Brownell, Kelly D., et al. "Eating Disorders." American Psychological Association. APA, Oct. 2011. Web. 25 Apr. 2013. <http://www.apa.org/helpcenter/eating.aspx>. The American Psychological Association states that people who have eating disorders rarely get treated. Eating disorders should be treated because they can have serious consequences to the person’s body. Those who have go untreated have a morality rate 18 times higher than those don’t have eating disorders, not only that but having eating disorders can result in damage to the heart and brain.
This website is helpful because it explains and the process of how to help people, with the expert information from doctors. All the information stated on the website comes from professionals who have earned a degree in psychology and are giving the reader their aspect on how to handle different problems and disorders. The American Psychological Association was found with only 31 members, it now holds around 134,000 members each hold a doctoral-level degree in psychology to give expert advice and help for those who need it in some sub-field in psychology.
Costin, Carolyn. The Eating Disorder Sourcebook : a Comprehensive Guide to the Causes, Treatments, and Prevention of Eating Disorders. 3rd ed. New York: McGraw, 2007. Print. The Eating Disorder Sourcebook: a Comprehensive Guide to the Causes, Treatments, and Prevention of Eating Disorders states how to recognize eating disorders and their symptoms. Although eating disorders like Anorexia and Bulimia can be overwhelming for a person they can find treatments and other different remedies to help someone overcome their eating disorders. This book relates to my research topic question because it informs the reader on how to recognize eating disorders and their symptoms. Also this book has information that any person can read to find out cause of an eating disorder and what to do when professional treatment isn’t enough.
This resource is beneficial in acknowledging the best way to deal with eating disorders due to the fact that it provides the reader with treatment programs and information on how to identify certain disorders and their symptoms. From anorexia to bulimia there are different ways a person can find out what type of eating disorder what you can do to help them.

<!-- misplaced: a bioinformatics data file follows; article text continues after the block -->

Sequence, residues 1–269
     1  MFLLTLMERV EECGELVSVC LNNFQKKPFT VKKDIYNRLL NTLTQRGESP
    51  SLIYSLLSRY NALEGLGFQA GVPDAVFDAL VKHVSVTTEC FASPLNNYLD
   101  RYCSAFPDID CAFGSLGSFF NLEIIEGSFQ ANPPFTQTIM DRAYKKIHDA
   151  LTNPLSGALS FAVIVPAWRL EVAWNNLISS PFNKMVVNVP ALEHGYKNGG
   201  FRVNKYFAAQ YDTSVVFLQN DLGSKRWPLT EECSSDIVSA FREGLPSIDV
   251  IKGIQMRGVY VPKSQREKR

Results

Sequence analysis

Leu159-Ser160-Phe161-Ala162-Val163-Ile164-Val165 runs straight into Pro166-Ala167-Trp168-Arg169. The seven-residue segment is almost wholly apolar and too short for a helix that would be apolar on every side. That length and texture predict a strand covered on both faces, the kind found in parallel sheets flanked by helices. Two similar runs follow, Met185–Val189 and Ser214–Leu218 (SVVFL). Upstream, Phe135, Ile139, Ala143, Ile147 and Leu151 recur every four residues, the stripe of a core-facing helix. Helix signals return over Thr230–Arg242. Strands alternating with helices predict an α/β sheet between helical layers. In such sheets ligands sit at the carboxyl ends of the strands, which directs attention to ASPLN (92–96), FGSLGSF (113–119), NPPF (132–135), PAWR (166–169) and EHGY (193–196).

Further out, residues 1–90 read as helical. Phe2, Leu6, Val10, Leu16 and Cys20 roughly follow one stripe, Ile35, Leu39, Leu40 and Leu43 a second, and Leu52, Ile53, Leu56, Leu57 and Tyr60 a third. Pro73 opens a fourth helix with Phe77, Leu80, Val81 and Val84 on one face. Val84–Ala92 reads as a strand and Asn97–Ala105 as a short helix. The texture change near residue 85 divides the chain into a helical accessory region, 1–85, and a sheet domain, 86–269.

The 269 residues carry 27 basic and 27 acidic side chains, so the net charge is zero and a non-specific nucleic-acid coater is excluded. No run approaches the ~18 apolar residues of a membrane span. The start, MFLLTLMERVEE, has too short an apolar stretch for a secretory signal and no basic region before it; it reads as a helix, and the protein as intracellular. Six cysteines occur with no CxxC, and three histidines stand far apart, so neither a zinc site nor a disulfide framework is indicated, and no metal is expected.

Cumella, Edward J., Zina Kally, and A. David Wall. "Treatment Responses of Inpatient Eating Disorder Women with and without Co-occurring Obsessive-compulsive Disorder." Eating Disorders 2 (2007): 111-24. CINAHL Plus with Full Text. Web. 16 May 2013. <http://0-search.ebscohost.com.alice.dvc.edu/login.aspx?direct=true&db=rzh&AN=2009568951&site=ehost-live>. While reading the article Treatment Responses of Inpatient Eating Disorder Women with and without Co-occurring Obsessive-compulsive Disorder it stated that most females, who have eating disorders, start off when they are in high school. About 96% of the women who are diagnosed with an eating disorder are white and about 82% of the patients in the chart who have eating disorders are also not married. Not only does it show percentages from studies from patients who were diagnosed with disorders but also how they were treated.
This resource is helpful because it gives data from studies that show the different types of women who had a type of eating disorder, during what level of education did the woman start developing their disorder, how severe was the illness, and the ethnicity of the patients. It also gives background information on how they got all their data. By knowing what the earliest time that eating disorders develop, people can reach out to kids in high school to prevent them from starting and find help if needed.
Illing, Vanessa, et al. "Attachment Dimensions and Group Climate Growth in a Sample of Women Seeking Treatment for Eating Disorders." Psychiatry: Interpersonal & Biological Processes 74.3 (2011): 259-69. Academic Search Premier. Web. 16 May